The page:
A two-year report from its ombudsman’s office was published Wednesday by the federal insurer of bank deposits, outlining the office’s efforts in 2019 and 2020 to address banker concerns about such issues as fear of retaliation from agency officials over exam appeals, and obtaining post-examination survey feedback.
The report also details assistance provided on behalf of the banking industry through the office of the Federal Deposit Insurance Corp. (FDIC).
According to the agency, the report details efforts of the ombudsman’s office to solicit input on the existing appeals process; facilitate discussions and informally resolved disagreements over bank examination findings; assume responsibility for the “Post-Examination Survey” process; and serve as a resource to financial institutions and the general public affected by the coronavirus crisis.
Key sections of the report include feedback items on examination matters, other regulatory matters and the overall banking environment.
The report also notes that the number of “public inquiries” increased from 2019 to 2020. In 2019, the report states, the office received 1,618 public inquiries (the majority of which – 902 – either were not in the purview of the FDIC, or were referred to other federal financial regulators (including the Office of the Comptroller of the Currency (OCC), Consumer Financial Protection Bureau (CFPB) or the National Credit Union Administration (NCUA).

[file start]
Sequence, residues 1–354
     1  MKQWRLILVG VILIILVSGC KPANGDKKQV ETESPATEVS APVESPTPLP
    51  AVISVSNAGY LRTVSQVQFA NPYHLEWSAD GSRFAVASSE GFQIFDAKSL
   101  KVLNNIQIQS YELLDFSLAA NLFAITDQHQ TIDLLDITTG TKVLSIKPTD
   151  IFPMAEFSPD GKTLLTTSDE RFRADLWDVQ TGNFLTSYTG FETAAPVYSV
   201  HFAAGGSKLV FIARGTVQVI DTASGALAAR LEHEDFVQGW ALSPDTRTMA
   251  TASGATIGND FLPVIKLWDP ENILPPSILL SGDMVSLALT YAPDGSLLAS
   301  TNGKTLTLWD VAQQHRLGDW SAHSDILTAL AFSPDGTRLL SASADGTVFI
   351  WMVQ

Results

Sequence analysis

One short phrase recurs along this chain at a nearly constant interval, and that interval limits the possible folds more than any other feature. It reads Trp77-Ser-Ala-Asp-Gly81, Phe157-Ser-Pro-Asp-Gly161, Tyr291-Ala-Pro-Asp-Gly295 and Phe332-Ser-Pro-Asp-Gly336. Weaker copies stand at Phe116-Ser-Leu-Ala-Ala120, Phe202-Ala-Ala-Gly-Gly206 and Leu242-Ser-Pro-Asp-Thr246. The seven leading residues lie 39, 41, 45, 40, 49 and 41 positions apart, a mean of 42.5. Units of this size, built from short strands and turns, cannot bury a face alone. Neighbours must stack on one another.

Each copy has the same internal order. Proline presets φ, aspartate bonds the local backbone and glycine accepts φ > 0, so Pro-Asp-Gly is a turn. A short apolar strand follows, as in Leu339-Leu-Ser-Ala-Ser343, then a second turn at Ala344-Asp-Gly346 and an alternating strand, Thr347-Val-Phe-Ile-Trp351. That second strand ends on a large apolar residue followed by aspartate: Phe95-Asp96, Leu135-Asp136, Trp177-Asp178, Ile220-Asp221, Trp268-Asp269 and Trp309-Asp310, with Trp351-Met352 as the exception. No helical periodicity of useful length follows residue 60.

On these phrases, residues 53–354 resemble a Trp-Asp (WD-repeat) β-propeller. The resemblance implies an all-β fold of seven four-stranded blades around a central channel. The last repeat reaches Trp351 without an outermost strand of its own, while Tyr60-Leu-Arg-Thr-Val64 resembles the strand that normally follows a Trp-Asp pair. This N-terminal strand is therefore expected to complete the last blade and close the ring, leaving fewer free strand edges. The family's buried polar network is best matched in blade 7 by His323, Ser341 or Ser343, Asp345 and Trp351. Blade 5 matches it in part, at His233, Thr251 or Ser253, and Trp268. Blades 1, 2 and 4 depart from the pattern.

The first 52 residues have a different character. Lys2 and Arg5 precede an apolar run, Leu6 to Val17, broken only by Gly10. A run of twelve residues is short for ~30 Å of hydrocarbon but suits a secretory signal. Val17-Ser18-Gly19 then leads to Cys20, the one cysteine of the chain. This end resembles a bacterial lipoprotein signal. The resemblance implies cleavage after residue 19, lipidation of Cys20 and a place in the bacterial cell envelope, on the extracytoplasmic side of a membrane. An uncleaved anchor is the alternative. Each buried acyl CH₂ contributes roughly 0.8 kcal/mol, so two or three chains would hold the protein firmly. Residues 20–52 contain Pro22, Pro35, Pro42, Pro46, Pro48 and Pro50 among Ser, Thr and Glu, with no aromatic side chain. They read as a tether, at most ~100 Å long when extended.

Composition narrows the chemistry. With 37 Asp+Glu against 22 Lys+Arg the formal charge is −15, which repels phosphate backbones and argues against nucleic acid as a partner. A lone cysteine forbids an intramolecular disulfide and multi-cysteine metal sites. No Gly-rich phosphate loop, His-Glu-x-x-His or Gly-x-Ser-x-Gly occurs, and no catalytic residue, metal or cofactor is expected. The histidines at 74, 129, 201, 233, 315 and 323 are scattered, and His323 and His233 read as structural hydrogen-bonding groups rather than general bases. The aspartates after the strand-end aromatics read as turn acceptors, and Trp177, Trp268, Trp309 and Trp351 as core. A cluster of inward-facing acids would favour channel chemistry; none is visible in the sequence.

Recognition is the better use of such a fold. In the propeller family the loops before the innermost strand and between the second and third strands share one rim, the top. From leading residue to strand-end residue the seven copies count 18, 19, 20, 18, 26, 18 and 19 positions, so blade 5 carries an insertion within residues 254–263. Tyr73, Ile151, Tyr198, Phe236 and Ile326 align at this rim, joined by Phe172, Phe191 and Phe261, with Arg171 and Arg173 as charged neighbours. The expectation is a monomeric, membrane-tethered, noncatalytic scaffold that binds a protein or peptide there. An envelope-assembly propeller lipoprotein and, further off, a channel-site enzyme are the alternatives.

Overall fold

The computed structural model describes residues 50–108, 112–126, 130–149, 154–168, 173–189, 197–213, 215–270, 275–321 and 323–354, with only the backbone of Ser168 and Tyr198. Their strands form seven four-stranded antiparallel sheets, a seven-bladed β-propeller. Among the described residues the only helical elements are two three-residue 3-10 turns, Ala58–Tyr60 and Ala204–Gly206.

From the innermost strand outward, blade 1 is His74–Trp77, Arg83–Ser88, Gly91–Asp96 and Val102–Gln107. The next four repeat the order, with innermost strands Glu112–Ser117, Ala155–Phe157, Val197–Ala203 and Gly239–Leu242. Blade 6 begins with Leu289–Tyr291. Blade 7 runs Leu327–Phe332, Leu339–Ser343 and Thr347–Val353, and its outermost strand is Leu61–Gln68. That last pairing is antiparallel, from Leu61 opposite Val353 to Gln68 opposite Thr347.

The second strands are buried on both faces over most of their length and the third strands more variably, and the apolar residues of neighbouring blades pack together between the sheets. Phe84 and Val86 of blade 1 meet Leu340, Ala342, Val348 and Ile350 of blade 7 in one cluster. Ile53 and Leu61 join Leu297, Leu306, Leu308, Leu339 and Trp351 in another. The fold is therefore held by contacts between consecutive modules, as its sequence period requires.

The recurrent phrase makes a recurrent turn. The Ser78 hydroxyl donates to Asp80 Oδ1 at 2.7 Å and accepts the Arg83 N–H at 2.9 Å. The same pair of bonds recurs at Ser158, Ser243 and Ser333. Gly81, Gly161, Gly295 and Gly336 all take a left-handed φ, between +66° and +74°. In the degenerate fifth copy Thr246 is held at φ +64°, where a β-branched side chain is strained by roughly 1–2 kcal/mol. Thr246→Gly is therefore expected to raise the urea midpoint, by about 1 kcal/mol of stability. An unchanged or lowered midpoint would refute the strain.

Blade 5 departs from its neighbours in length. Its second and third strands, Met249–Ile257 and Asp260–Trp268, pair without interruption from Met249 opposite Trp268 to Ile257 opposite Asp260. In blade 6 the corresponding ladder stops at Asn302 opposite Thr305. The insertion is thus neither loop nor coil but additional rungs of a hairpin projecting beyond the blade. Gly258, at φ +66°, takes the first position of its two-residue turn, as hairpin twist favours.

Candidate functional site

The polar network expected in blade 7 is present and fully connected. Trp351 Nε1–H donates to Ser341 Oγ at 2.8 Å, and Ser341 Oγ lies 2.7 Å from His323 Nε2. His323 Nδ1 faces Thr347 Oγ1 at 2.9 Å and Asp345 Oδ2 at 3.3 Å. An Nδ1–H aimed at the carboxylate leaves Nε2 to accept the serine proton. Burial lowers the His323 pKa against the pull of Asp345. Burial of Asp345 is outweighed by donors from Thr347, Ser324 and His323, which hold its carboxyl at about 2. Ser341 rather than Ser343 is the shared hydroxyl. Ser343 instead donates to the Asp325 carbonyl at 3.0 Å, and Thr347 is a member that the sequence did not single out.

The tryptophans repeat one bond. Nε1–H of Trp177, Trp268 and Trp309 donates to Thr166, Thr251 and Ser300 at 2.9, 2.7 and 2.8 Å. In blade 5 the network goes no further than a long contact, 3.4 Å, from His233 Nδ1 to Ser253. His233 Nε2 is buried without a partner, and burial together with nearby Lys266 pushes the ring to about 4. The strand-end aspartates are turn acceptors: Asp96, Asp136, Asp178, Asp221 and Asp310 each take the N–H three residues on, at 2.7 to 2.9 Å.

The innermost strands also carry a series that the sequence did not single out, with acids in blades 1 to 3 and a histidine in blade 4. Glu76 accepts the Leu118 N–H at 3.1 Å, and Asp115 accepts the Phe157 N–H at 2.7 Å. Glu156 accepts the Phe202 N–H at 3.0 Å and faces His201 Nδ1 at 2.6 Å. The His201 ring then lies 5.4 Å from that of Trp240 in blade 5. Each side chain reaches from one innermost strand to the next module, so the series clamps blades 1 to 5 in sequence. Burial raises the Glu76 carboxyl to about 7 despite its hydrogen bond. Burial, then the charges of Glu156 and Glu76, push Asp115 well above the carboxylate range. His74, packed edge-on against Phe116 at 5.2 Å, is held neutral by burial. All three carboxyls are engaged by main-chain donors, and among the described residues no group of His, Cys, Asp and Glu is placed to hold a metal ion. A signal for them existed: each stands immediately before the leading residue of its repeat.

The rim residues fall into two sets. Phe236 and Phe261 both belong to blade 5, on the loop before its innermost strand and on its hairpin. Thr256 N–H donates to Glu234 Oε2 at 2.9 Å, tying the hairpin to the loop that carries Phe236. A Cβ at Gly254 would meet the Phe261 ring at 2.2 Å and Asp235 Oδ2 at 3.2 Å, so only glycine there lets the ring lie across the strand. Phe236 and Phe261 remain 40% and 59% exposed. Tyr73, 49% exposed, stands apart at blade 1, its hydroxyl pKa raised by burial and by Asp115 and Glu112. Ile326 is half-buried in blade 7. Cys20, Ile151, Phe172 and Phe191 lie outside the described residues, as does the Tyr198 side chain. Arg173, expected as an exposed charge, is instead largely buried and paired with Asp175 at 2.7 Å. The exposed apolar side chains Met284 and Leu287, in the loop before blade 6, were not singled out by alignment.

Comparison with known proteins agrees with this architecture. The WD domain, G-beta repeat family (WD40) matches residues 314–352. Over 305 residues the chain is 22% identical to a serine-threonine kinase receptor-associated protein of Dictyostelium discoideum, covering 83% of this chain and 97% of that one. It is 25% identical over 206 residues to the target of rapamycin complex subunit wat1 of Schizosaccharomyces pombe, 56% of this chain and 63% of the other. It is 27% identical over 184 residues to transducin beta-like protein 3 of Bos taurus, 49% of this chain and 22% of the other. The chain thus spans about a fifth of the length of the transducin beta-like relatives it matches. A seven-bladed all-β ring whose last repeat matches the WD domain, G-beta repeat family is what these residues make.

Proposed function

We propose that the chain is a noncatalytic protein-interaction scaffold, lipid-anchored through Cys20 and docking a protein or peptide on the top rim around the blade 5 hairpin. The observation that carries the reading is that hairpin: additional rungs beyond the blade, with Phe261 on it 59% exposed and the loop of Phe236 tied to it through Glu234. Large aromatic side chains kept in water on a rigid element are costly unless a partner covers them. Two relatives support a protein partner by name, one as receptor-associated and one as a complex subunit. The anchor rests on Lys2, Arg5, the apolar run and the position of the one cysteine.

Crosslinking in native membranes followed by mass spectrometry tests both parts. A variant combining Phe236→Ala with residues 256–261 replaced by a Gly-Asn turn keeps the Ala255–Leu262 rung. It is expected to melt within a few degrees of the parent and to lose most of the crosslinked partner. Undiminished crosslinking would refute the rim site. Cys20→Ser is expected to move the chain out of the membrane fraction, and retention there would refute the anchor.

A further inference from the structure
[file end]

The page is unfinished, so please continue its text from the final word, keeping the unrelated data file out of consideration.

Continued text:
The following year (2020), the office fielded 2,544 public inquiries – 1,576 of which were outside the agency’s purview, or were more relevant to another agency.
However: the 2020 inquiries show that disputes between banks and customers were considerably from the previous year, with 414 in 2020 compared to 320 in 2019. “Whistleblower” inquiries (allegations against FDIC-supervised financial institutions)were also up year-to-year, with 106 received in 2020, compared to 70 the year before.